Startup Gains Exposure Thanks to Unilever Suit

Christine Birkner
Marketing News Weekly
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Hampton Creek Foods
Key Takeaways
  • ​On Oct. 31, Unilever, maker of Hellmann's and Best Food mayonnaise, filed a lawsuit against Hampton Creek Foods alleging false advertising based on the name of the startup's primary product, Just Mayo, an eggless mayonnaise substitute.
  • Unilever claims that the name Just Mayo is inconsistent with the FDA's definition of mayonnaise as a mixture of vegetable oil, vinegar or lemon juice and egg yolks.
  • Coverage in The New York Times, The Wall Street Journal, Time, ABC News, NBC News and NPR has raised awareness of Hampton Creek and its mission of creating sustainable food products.

Going toe to toe in the courtroom with one of the world’s leading CPG companies didn’t factor into San Francisco-based startup Hampton Creek Foods’ original marketing plan, but the three-year-old company has garnered increased brand recognition nationwide thanks to a still-pending lawsuit.

On Oct. 31, 2014, London- and Rotterdam-based Unilever, maker of Hellmann’s and Best Foods mayonnaise, filed a lawsuit against Hampton Creek alleging false advertising based on the name of the startup’s primary product, Just Mayo, an eggless mayonnaise substitute made of yellow peas that’s designed to be more sustainable and environmentally friendly than regular mayonnaise.

In the lawsuit, Unilever states that the name Just Mayo is inconsistent with the FDA’s definition of mayonnaise as a mixture of vegetable oil, vinegar or lemon juice and egg yolks. Unilever also alleges that Just Mayo, which, over the last year, has garnered nationwide distribution in Wal-Mart, Kroger, Safeway, Costco and Whole Foods stores, is stealing market share from Hellmann’s and Best Foods.

In an e-mailed statement to Marketing News Weekly, a Unilever spokesman said: “Our concern here is not about innovation. It is about misleading labeling, as it is simply not accurate to label the Hampton Creek product as 'mayo.’ In contrast, our Hellmann's brand is made from real eggs. … We simply wish to protect both consumers from being misled and also our brand.”

According to Allison Zieve, general counsel and director of the litigation group at Public Citizen, a Washington, D.C.-based nonprofit advocacy group, who specializes in food labeling and consumer law, it’s a  legitimate legal claim. “The FDA has defined a few foods that set forth regulations on what the food is, and mayonnaise is one of them,” she says. “It has eggs. Unilever has a pretty strong argument on the question of whether the product was deceptive. If you sell margarine, you can’t call it butter.”

The case is similar to a lawsuit that pomegranate juice maker POM Wonderful filed against Coca-Cola last year over the use of the word “pomegranate” on the label of Coca-Cola’s Pomegranate Blueberry Minute Maid juice blend, a product that contains only 0.3% pomegranate juice. In June 2014, the U.S. Supreme Court ruled in favor of POM, saying that it could proceed with the litigation in lower courts, where it is still pending.

Josh Tetrick, founder and CEO of Hampton Creek, believes that Unilever will withdraw the lawsuit, but if it doesn’t, he says that Hampton Creek will file a countersuit. “On the legal side, we feel good about where we are, being on the right side of it,” he says.

Regardless of the legal outcome, the lawsuit has been a PR boon for Hampton Creek, Tetrick says. Coverage in The New York Times, The Wall Street Journal, Time, ABC News, NBC News and NPR has raised awareness of the company and its mission of creating sustainable food products. “It’s been unbelievable,” he says. “The attention, the people who know Hampton Creek now who didn’t know us before, it’s mind-boggling. … We’re a company that’s very mission-based, and we want more people to hear about it, and now they certainly have.”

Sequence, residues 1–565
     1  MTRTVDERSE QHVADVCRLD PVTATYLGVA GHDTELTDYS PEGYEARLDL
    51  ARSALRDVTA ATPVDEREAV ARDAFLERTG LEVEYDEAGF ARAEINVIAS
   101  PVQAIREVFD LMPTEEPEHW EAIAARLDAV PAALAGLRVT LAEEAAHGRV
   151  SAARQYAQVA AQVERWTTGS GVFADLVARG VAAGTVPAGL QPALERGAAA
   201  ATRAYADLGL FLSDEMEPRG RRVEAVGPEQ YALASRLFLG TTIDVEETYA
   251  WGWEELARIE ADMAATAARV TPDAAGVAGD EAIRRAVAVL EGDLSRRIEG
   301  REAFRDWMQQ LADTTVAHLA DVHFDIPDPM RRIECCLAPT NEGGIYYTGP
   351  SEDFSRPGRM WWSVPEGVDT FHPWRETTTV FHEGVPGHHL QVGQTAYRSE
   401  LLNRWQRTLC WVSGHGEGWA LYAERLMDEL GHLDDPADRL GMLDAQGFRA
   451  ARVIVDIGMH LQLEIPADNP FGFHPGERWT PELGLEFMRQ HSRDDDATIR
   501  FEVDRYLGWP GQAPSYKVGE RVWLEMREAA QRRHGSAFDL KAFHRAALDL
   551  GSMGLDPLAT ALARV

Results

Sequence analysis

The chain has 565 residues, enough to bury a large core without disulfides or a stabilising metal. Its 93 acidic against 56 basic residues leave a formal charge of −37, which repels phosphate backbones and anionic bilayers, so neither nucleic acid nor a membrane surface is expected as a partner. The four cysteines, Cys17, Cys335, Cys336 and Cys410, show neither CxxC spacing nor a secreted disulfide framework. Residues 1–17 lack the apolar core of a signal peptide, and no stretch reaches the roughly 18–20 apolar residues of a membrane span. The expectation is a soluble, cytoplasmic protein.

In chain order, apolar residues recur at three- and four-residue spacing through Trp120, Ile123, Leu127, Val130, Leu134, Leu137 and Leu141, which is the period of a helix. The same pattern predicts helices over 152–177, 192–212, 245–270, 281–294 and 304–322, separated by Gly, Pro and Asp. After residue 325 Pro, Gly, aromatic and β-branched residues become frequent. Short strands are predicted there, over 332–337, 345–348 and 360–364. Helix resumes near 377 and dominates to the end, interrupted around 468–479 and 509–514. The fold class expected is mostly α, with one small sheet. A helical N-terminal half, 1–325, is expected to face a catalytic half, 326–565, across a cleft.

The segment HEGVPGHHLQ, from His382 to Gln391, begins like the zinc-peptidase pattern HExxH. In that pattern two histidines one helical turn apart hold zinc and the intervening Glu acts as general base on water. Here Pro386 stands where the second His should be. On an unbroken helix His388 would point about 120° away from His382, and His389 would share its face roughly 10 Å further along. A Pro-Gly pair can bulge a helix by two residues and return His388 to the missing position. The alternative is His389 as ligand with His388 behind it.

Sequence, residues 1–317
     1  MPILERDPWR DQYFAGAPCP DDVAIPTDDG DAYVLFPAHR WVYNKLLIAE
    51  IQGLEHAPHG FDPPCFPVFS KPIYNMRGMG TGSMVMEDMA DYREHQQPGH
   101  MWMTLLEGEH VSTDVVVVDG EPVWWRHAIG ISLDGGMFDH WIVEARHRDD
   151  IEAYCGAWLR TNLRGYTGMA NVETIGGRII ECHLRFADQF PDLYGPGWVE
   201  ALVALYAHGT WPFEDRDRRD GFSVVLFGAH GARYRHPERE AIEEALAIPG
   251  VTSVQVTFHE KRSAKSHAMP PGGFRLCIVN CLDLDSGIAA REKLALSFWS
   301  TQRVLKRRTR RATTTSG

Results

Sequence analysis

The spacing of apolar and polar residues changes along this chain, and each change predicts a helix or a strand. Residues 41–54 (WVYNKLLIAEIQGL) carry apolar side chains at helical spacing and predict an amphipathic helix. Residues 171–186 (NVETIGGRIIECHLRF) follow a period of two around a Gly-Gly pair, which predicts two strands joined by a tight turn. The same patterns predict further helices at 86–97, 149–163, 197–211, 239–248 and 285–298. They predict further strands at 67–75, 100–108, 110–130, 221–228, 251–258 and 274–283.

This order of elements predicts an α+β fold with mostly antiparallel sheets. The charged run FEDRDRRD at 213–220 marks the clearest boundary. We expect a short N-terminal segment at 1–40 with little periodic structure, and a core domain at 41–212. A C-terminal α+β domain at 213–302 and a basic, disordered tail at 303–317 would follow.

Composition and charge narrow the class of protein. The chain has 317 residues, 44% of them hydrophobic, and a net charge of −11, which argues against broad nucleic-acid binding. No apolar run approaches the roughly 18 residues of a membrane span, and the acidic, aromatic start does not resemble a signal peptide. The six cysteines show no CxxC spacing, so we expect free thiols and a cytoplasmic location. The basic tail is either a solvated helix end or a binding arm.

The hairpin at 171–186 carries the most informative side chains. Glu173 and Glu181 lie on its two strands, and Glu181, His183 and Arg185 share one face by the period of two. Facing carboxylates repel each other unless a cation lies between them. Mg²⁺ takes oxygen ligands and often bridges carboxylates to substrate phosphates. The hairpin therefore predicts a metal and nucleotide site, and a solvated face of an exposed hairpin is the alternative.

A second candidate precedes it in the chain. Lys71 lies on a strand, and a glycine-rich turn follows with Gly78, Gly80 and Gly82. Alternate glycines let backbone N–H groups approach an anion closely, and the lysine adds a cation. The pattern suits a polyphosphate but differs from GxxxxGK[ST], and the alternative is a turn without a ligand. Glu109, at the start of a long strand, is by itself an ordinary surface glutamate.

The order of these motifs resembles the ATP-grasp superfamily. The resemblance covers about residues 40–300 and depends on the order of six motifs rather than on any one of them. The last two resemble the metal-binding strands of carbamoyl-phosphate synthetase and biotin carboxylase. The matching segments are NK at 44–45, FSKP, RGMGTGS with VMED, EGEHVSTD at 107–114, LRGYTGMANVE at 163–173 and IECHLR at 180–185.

The company has received 85,000 messages of support on Twitter and Facebook, according to Tetrick, and after the lawsuit was filed, TV chef and food personality Andrew Zimmern also started a petition on Change.org urging Unilever to “stop bullying sustainable food companies,” which has garnered more than 45,000 signatures. 

“If you look at the true definition of mayonnaise, Just Mayo doesn’t meet those qualifications, but Unilever’s approach is going to work against them,” says Anita Nelson, president of IN Food Marketing, a Minneapolis-based food marketing agency. “If Unilever is losing market share, I can understand why this would be a tempting way for them to go, but given the environment today and consumers’ general backlash against ‘big food,’ it’s not working. It’s a David and Goliath type of thing. Consumers are going to be empathetic to a smaller company, and empathetic to a company that has a sustainable approach. It’s only going to work in Hampton Creek’s favor.”

Unilever has tested its own version of eggless mayonnaise in the past, but Tetrick nixes the idea of Hampton Creek ever being acquired by Unilever. “We’re on the path to being a public company, ourselves. Our point of view is really different, and it’s unique to us. We want to remain an independent company, and it’s probably more fun to be.”

For more on Hampton Creek Foods, check out “The Good Egg,” from the September 2013 issue of Marketing News.

This article was originally published in the Nov. 4, 2014, issue of Marketing News Weekly.​

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Author Bio:

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Christine Birkner
Christine Birkner is the senior staff writer for Marketing News and Marketing News Weekly. E-mail her at cbirkner@ama.org.
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